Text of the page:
The main feeling from this conference is one of unity and a shared endeavour to win a fourth term. Compared to last year it's like the fog has lifted and given everyone renewed vigour to take on the Tories. But as Andy Burnham warned in the Progress debate on David Cameron, the Party mustn't fall into the trap of becoming "arrogant, complacent or over-confident" otherwise our enthusiasm will be very short-lived indeed.

Jessica Asato is Deputy Director of Progress and a Member of the Fabian Society Executive.
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Beware, hard Brexiteers - Ruth Davidson is coming for you

The Scottish Conservative leader is well-positioned to fight. 

Wanted: Charismatic leader with working-class roots and a populist touch who can take on the Brexiteers, including some in the government, and do so convincingly.

Enter Ruth Davidson. 

While many Tory MPs quietly share her opposition to a hard Brexit, those who dare to be loud tend to be backbenchers like Anna Soubry and Nicky Morgan. 

By contrast, the Scottish Conservative leader already has huge credibility for rebuilding her party north of the border. Her appearances in the last days of the EU referendum campaign made her a star in the south as well. And she has no qualms about making a joke at Boris Johnson’s expense

Speaking at the Institute of Directors on Monday, Davidson said Brexiteers like Nigel Farage should stop “needling” European leaders.

“I say to the Ukip politicians, when they chuckle and bray about the result in June, grow up,” she declared. “Let us show a bit more respect for these European neighbours and allies.”

Davidson is particularly concerned that Brexiteers underestimate the deeply emotional and political response of other EU nations.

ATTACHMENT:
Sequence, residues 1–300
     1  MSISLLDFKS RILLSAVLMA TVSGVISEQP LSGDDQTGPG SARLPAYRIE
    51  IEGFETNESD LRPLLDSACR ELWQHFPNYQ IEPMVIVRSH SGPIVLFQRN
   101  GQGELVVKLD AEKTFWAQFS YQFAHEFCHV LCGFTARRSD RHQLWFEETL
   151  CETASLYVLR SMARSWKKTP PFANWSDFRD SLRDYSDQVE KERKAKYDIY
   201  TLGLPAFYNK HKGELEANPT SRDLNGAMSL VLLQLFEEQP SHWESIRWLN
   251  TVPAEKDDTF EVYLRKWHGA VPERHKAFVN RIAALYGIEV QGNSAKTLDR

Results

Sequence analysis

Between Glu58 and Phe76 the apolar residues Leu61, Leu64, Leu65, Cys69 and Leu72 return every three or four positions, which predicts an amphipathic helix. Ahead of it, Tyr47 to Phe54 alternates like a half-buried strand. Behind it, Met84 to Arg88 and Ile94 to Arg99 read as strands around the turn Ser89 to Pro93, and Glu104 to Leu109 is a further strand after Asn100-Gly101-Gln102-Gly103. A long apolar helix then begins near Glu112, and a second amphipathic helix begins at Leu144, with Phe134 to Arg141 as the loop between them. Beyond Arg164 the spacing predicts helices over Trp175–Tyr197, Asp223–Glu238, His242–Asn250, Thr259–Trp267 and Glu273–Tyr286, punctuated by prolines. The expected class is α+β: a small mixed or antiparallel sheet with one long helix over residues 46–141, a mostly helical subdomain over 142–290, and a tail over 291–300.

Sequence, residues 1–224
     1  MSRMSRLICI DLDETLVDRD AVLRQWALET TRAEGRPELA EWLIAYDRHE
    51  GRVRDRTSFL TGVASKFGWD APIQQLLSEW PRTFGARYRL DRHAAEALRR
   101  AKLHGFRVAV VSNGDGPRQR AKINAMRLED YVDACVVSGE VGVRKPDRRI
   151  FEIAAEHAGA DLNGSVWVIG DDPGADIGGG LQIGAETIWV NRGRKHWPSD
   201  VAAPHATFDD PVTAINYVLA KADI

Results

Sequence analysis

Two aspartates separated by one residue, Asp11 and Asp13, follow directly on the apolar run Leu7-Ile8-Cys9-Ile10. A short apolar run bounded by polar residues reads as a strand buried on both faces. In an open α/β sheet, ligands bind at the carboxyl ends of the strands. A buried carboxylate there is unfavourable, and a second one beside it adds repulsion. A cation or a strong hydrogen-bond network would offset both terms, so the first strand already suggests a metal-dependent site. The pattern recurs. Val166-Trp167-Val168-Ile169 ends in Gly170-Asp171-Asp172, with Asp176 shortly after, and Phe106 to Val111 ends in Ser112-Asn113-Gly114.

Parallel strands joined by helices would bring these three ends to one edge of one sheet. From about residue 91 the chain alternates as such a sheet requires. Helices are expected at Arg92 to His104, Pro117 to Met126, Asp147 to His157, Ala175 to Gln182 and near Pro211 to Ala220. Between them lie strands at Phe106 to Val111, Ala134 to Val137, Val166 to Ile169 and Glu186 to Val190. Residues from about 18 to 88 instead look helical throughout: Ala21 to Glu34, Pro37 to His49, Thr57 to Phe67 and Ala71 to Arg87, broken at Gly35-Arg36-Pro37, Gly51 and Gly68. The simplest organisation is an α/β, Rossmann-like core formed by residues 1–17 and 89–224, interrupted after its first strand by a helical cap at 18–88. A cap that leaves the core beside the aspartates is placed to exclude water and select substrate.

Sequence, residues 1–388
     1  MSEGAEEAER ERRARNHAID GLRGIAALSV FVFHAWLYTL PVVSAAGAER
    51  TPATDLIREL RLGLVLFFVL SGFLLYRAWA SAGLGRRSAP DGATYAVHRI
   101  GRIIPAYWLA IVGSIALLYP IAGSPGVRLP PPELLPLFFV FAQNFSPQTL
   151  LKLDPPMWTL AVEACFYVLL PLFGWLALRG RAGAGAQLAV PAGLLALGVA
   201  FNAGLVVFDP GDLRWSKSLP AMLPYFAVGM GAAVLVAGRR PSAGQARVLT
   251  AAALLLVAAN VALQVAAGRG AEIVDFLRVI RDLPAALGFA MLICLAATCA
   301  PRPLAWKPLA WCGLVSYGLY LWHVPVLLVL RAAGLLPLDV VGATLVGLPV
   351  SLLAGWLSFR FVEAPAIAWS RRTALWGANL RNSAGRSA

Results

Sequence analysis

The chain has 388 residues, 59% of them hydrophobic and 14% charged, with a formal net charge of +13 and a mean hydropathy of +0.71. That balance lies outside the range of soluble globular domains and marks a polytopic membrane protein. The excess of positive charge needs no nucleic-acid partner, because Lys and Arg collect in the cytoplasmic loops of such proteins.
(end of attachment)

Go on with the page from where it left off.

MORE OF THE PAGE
The negotiations will be 27 to 1, she pointed out: “I would suggest that macho, beer swilling, posturing at the golf club bar isn’t going to get us anywhere.”

At a time when free trade is increasingly a dirty word, Davidson is also striking in her defence of the single market. As a child, she recalls, every plate of food on the table was there because her father, a self-made businessman, had "made stuff and sold it abroad". 

She attacked the Daily Mail for its front cover branding the judges who ruled against the government’s bid to trigger Article 50 “enemies of the people”. 

When the headline was published, Theresa May and Cabinet ministers stressed the freedom of the press. By contrast, Davidson, a former journalist, said that to undermine “the guardians of our democracy” in this way was “an utter disgrace”. 

Davidson might have chosen Ukip and the Daily Mail to skewer, but her attacks could apply to certain Brexiteers in her party as well. 

When The Staggers enquired whether this included the Italy-baiting Foreign Secretary Johnson, she launched a somewhat muted defence.

Saying she was “surprised by the way Boris has taken to the job”, she added: “To be honest, when you have got such a big thing happening and when you have a team in place that has been doing the preparatory work, it doesn’t make sense to reshuffle the benches."

Nevertheless, despite her outsider role, the team matters to Davidson. Part of her electoral success in Scotland is down the way she has capitalised on the anti-independence feeling after the Scottish referendum. If the UK heads for a hard Brexit, she too will have to fend off accusations that her party is the party of division. 

Indeed, for all her jibes at the Brexiteers, Davidson has a serious message. Since the EU referendum, she is “beginning to see embryos of where Scotland has gone post-referendum”. And, she warned: “I do not think we want that division.”

 

Julia Rampen is the editor of The Staggers, The New Statesman's online rolling politics blog. She was previously deputy editor at Mirror Money Online and has worked as a financial journalist for several trade magazines.